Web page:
This brings us to our current PHP offerings and schedule. Currently PHP is supporting PHP version 5.6 and PHP version 7.0. PHP 7.1 is in beta and may get a public release in the not to distant future. PHP 5.6 won’t go end-of-life until December 31, 2018. PHP 7.0 won’t go end-of-life until December 3, 2018. We aren’t currently offering PHP 7.0, mainly because Ioncube and Zend do not yet have encoder support for PHP 7. Adding PHP 7.0 support is on our list of server todos.
Because of the success we had with skipping PHP 5.5 as a default version, we are considering doing the same thing with PHP 7.0. PHP 5.6 still has a lifetime of over 2 years remaining. PHP 7.1 will probably be here before the end of 2016. It really just depends on how things go, but it’s looking like we will skip PHP 7.0 as a default version and go straight to PHP 7.1 as the default version successor to PHP 5.6. Like PHP 5.5 we will offer PHP 7.0, just not as a default version. When will we make a default PHP change? Not before Ioncube and Zend release loaders for PHP 7 or PHP 7.1.
None of this is really written in stone at this point, but this is our current line of thinking. It really depends on how adoption of PHP 7.0 and PHP 7.1 goes from the standpoint of script developers. Right now, adoption of PHP 7.0 is slow – again this may be because of the lack of Ioncube and Zendguard support. It may be that adoption of PHP 7.0 and PHP 7.1 remains low, allowing us to extend PHP 5.6 even longer until PHP 7.2 comes out. All of that just remains to be seen. But it is looking like we are going to skip PHP 7.0 as a default version.
At AMS Computer Services we always focus on customers first. And in that sense, we are always looking for ways we can better serve our customers. Are there things we could be doing better? Are there services or features that our customers would like to see added? What are the things we are doing well?
All of this requires communication and feedback from our customers. That’s why we have released our Customer Survey to get a better idea of what is important to you – the customer – and what we can do to serve you better.
We invite you to complete the Customer Survey. It is a very short survey and is completely anonymous. We just want to know what we can do to make sure your hosting experience at AMS Computer Services is the best it can be.
We are sending out WordPress outdated notices to accounts that we show as having an outdated version of WordPress installed. If you are affected by this, you should receive an email from us with the details.
It is important to keep your WordPress (and any script) up to date and practice good, solid security for your account. If you do not, then this can lead to your account being hacked, defaced, or used for abusive purposes. If this happens, then we may have to suspend your account. That is why security is important.
If you receive a notice from us regarding an outdated WordPress script on your account, that message will contain a section similar to below. I am going to take a moment and explain some of the items.
The email message will contain a section that lists your outdated WordPress scripts, and it will look something like:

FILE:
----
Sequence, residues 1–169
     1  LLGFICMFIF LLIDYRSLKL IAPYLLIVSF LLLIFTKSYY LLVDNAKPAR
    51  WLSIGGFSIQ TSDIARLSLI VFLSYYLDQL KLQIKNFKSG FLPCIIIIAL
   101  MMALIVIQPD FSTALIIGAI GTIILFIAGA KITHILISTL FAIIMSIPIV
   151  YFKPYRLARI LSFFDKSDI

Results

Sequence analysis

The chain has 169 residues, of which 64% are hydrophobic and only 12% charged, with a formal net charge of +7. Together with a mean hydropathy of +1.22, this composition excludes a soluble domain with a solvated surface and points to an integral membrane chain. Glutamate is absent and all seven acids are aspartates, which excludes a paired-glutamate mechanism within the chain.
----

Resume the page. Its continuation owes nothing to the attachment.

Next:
Installed Path: /home/%USER%/%PATH%
Installed Version: X.X.X
Latest Version: Y.Y.Y
Script Website: http://www.wordpress.org
If you have multiple accounts, then you may see 2 or more of these sections in the email message.
Let’s take a look at this line by line:
This refers to your account. The domain name of the account that contains the outdated WordPress script. This is the main account associated with your web hosting account in our system. The actual WordPress installation might be on a parked or addon domain on the account, but our system can’t differentiate that.
This simply refers to the script as being a WordPress script. Similar notices may be sent out for other scripts.
Installed Path: /home/%USER%/%PATH%
This is an important part. This refers to where the WordPress installation is at on the server’s file system. This may be an addon domain path – in which case you would access the WordPress script via the addon domain. Generally speaking if this path looks like /home/%USER%/public_html/%PATH% – then you can access this by using the domain name in the Account section above – http://%YOURDOMAIN.COM%/%PATH% – but not all Installed Paths are going to be under the public_html folder. To access the WordPress admin dashboard for this installation you would typically just add /wp-admin to the end of the path, i.e: http://%YOURDOMAIN.COM%/%PATH%/wp-admin If you don’t know what installed path this installation is referring to in your email message, simply write us back and we can figure it out for you.
Installed Version: X.X.X
This is going to tell you what version of WordPress is installed at the above Installed Path. This can tell you just how outdated that WordPress installation really is.
Latest Version: Y.Y.Y
This will tell you the latest version of WordPress as it applies to your WordPress script. WordPress has different release trees and therefore different latest versions, depending on what version you have installed. For example, if you are using WordPress 4.3, then your latest version might be WordPress 4.3.3. If you are using WordPress 4.4, then your latest version might WordPress 4.4.2.
Updating WordPress is fairly straight-forward. You simply need to log into the WordPress admin dashboard for the installation you are wanting to update. Click on the Dashboard tab on the left side and click on Updates. From there you will see “An updated version of WordPress is available.” and underneath that will be a link to Update Now to the new version. Simply click that link and WordPress will be updated.
You can also update your themes and plugins from this screen.